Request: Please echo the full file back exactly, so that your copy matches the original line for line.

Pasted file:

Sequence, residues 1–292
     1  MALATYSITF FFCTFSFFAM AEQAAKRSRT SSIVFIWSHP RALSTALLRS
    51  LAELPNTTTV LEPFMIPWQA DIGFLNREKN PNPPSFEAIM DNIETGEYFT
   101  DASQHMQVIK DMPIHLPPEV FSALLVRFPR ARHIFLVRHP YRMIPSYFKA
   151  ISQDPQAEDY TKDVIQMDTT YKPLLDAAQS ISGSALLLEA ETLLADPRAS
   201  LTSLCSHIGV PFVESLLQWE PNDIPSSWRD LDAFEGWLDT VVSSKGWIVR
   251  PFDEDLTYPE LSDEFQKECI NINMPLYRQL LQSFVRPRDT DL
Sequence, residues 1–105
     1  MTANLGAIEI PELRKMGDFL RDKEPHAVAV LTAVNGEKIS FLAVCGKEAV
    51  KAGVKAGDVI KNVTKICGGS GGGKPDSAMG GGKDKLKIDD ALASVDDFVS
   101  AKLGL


Sequence, residues 1–292
     1  MALATYSITF FFCTFSFFAM AEQAAKRSRT SSIVFIWSHP RALSTALLRS
    51  LAELPNTTTV LEPFMIPWQA DIGFLNREKN PNPPSFEAIM DNIETGEYFT
   101  DASQHMQVIK DMPIHLPPEV FSALLVRFPR ARHIFLVRHP YRMIPSYFKA
   151  ISQDPQAEDY TKDVIQMDTT YKPLLDAAQS ISGSALLLEA ETLLADPRAS
   201  LTSLCSHIGV PFVESLLQWE PNDIPSSWRD LDAFEGWLDT VVSSKGWIVR
   251  PFDEDLTYPE LSDEFQKECI NINMPLYRQL LQSFVRPRDT DL
Sequence, residues 1–105
     1  MTANLGAIEI PELRKMGDFL RDKEPHAVAV LTAVNGEKIS FLAVCGKEAV
    51  KAGVKAGDVI KNVTKICGGS GGGKPDSAMG GGKDKLKIDD ALASVDDFVS
   101  AKLGL